Holders of a graduate certificate in applied behavior analysis (ABA) have several options for leveraging their specialized training in a professional setting. While a certificate does not offer the same job-seeking potential as a bachelor’s or master’s degree, it can open doors to stable employment, opportunities to gain experience in the field, and excellent supplementary training for other careers. Certificate programs are also an accessible way for individuals to explore possible work environments and career paths if they choose to pursue a degree in ABA in the future.
Related resource: 40 Best Applied Behavior Analysis Graduate Certificate Online Programs
Those who earn a certificate in applied behavior analysis can work in a variety of sites, including the home, out in the community, at a school, clinical setting, residential setting, or substance abuse treatment center. The versatility and flexibility that obtaining the certificate offers are a huge benefit to those who want to build a career surrounding ABA.
Types of ABA Certifications
There are four main types of certifications to be able to work in the world of applied behavior analysis.
- Registered Behavior Technician (RBT)
The RBT level of certification is typically attributed to those with a high school level of education who are looking to become “paraprofessionals” in the field of behavior analysis.
- Board Certified Assistant Behavior Analyst (BCaBA)
BCaBAs are most commonly those who hold bachelor’s degrees but have not yet earned a master’s in behavior analysis. They typically do not operate independently and work under the supervision of a BCBA or BCBA-D.
- Board Certified Behavior Analyst (BCBA)
A BCBA holds a master’s degree in applied behavior analysis and typically is an independent practitioner in the field. They often supervise the work of RBTs and BCaBAs.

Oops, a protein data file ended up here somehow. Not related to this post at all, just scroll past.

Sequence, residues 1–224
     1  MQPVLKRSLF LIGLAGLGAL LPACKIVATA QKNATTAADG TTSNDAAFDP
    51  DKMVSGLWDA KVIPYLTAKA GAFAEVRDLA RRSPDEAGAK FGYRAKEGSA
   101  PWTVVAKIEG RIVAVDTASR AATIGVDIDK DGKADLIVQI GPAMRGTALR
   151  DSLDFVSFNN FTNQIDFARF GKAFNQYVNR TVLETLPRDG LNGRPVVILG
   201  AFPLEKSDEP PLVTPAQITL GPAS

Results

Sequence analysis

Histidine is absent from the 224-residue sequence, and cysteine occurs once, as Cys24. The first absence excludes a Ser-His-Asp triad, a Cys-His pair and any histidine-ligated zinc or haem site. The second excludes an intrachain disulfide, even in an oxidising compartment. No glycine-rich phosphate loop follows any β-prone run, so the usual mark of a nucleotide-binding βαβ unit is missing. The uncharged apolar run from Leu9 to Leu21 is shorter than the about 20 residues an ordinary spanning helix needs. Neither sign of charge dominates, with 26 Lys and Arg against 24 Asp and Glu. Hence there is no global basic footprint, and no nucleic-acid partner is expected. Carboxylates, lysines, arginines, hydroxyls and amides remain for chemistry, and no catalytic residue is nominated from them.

- Board Certified Behavior Analyst – Doctoral (BCBA-D)
BCBA-D is the highest level of certification one can receive in the field of behavior analysis and is awarded to those with doctoral training in ABA.
Overall, these certificates can help individuals obtain career opportunities in a variety of fields of education and behavior.
Continue reading to learn about what career opportunities are available to those who have an ABA certificate.
See Also: DTT ABA- Discrete Trial Teaching in Applied Behavior Analysis
Many public school teachers can expand their core skill-set, and possibly earning potential, by gaining additional certifications to supplement their teaching degree. The skills and knowledge gained through an ABA certificate program can equip them with valuable social tools for addressing problematic behavior in the classroom. School teachers, administrators, counselors, and assistants with experience in ABA or special education needs may also fill personalized instructional roles outside of the standard classroom environment. Working directly with individual children allows educators to address specific behavioral, learning, or social problems that are inhibiting their development.
Special education teachers, paraprofessionals, and behavior specialists can all apply ABA strategies in their classrooms.
A few ABA techniques that can be applied within the classroom setting include:
- Discrete Trial Training
- Pivotal Response Training
- Natural Environment Training
- Behavioral Momentum
- Positive Reinforcement
Those in the world of special education should be familiar with ABA techniques, and if they are not, getting certified as an ABA specialist can boost expertise and knowledge in those crucial areas.
See Also: Understanding the Difference between an ABA Therapist and a BCBA
Registered Behavior Technician
There are four levels of professional certification available to professionals working in behavior analysis. Becoming a registered behavior technician (RBT) is the most accessible pathway, as the others require a bachelor’s degree or higher, according to the Behavior Analyst Certification Board (BACB). Applicants must complete 40 hours of approved training, have a high school diploma and pass a background check to be eligible to take the examination. Becoming certified as an RBT is a relatively simple way to bolster a resume and increase hiring potential as a clinical assistant or technician.
An article in Applied Behavior Analysis Programs shares the following about what capacity an RBT can work in.
In educational settings, RBTs can function as general or special education teachers, childcare administrators, reading specialists, occupational therapists, school psychologists, or speech-language pathologists. These paraprofessionals will work with ABA therapists to coordinate the delivery of skill acquisition plans for youth from birth to age 21.